Luke Holmes may just be 7, but he understands the sacrifices servicemen and women make for his country.
"I wanted to tell the veterans that we love them," he said Monday afternoon as he held a hand-drawn banner stating the same. "They protect our country, and I wanted to tell them thank you."
Holmes was among hundreds lining the downtown streets, waving flags and holding up signs of gratitude, as veterans of all ages and from each branch of the military shared the spotlight during Dawsonville's annual Veterans Day celebration.
In its ninth year, the ceremonies began with a formal tribute to veterans at Dawson County Middle School. That was followed by a parade through downtown Dawsonville, one of just two places in Georgia designated as a 2013 Veterans Day Regional Site by the Veterans Day National Committee. The other is Atlanta.
Eulene Disharoon said she was proud to be a part of the celebration.
"It's wonderful to do something for the people who served now and before us," she said. "Kids need to learn about the veterans.
"My father-in-law was in World War II and other members of my family served. With the way it is now, we all need to be up here thanking these people."
Sponsored by the local veterans affairs group, the annual ceremony pays tribute to veterans who continue their mantra of service in their communities.
Serving as emcee, Veterans Affairs of Dawson County President Don Brown presented the 2013 Veteran of the Year award to Bert Lawson of Dawsonville.
"He is a veteran of the Vietnam War, having served three tours as an F-4 Phantom pilot with 167 combat missions and over 7,000 hours, including air-to-air combat with a MIG-21," Brown said.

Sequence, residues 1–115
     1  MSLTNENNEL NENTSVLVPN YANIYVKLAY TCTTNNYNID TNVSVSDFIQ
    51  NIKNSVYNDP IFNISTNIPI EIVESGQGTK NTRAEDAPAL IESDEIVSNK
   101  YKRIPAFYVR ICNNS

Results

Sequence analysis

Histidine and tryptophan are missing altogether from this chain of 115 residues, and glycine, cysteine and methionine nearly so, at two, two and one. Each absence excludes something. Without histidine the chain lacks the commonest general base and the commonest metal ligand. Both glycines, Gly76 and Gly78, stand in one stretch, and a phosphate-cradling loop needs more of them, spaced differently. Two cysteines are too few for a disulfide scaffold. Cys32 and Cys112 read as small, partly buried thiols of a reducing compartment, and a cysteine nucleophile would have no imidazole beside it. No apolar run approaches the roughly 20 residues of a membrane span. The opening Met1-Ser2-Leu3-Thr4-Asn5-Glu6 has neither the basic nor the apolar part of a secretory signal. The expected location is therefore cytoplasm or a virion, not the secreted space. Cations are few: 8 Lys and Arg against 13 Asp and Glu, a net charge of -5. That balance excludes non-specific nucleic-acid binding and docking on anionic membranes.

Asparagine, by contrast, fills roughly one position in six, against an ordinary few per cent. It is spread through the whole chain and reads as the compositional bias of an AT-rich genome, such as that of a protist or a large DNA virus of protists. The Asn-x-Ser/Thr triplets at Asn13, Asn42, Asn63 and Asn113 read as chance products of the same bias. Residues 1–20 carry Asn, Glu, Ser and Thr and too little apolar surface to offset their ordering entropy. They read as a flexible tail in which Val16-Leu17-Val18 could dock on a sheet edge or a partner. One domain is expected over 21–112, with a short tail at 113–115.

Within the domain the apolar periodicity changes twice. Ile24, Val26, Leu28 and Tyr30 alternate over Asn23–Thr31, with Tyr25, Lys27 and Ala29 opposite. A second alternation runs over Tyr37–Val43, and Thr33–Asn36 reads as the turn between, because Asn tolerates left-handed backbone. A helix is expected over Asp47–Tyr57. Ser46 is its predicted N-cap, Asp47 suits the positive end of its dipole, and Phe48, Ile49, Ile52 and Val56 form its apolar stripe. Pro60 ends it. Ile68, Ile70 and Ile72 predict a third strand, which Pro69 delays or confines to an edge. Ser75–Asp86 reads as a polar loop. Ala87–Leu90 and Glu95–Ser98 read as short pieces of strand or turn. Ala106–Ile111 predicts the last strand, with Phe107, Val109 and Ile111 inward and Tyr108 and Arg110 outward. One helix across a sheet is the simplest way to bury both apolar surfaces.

"He left the Air Force after 14 years and entered the Air National Guard, where he served until retiring as a colonel. He holds the Silver Star, Bronze Star with Oak Leaf Cluster, Distinguished Flying Cross, Purple Heart, four Air Medals and the Vietnam Service Medal among others."
Lawson, who was shot down in Vietnam and wounded twice, currently serves as a board member and treasurer of the Georgia Mountain Chapter of the Military Officers Association of America, an advocate for a strong national defense that represents the interests of military officers and their families at every stage of their careers.
"Vietnam was a tough part of American history. Whether we agreed or not, we did what we were ordered to do," he said. "But the real heroes are the ones that didn't make it home.
"You feel guilty that you're being recognized and the people that need to be recognized are the ones who you don't know their names."
DCN staff writer David Renner contributed to this story.